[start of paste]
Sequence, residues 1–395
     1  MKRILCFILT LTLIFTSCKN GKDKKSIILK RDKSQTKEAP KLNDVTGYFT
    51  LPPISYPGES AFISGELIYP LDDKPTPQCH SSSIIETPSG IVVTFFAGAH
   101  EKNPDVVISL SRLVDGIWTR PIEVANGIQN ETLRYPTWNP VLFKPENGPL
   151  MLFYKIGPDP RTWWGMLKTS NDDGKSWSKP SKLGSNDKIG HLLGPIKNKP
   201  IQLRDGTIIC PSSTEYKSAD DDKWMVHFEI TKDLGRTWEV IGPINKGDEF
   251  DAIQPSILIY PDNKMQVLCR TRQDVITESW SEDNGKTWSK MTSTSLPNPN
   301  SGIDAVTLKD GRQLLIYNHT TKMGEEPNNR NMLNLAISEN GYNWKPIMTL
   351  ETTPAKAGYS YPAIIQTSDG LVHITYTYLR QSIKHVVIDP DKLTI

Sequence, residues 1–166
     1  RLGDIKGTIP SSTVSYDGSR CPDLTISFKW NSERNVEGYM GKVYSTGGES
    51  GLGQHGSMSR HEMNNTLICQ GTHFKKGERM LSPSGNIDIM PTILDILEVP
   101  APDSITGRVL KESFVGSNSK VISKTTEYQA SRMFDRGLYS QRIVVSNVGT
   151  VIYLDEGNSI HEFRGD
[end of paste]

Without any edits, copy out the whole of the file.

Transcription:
Sequence, residues 1–395
     1  MKRILCFILT LTLIFTSCKN GKDKKSIILK RDKSQTKEAP KLNDVTGYFT
    51  LPPISYPGES AFISGELIYP LDDKPTPQCH SSSIIETPSG IVVTFFAGAH
   101  EKNPDVVISL SRLVDGIWTR PIEVANGIQN ETLRYPTWNP VLFKPENGPL
   151  MLFYKIGPDP RTWWGMLKTS NDDGKSWSKP SKLGSNDKIG HLLGPIKNKP
   201  IQLRDGTIIC PSSTEYKSAD DDKWMVHFEI TKDLGRTWEV IGPINKGDEF
   251  DAIQPSILIY PDNKMQVLCR TRQDVITESW SEDNGKTWSK MTSTSLPNPN
   301  SGIDAVTLKD GRQLLIYNHT TKMGEEPNNR NMLNLAISEN GYNWKPIMTL
   351  ETTPAKAGYS YPAIIQTSDG LVHITYTYLR QSIKHVVIDP DKLTI

Sequence, residues 1–166
     1  RLGDIKGTIP SSTVSYDGSR CPDLTISFKW NSERNVEGYM GKVYSTGGES
    51  GLGQHGSMSR HEMNNTLICQ GTHFKKGERM LSPSGNIDIM PTILDILEVP
   101  APDSITGRVL KESFVGSNSK VISKTTEYQA SRMFDRGLYS QRIVVSNVGT
   151  VIYLDEGNSI HEFRGD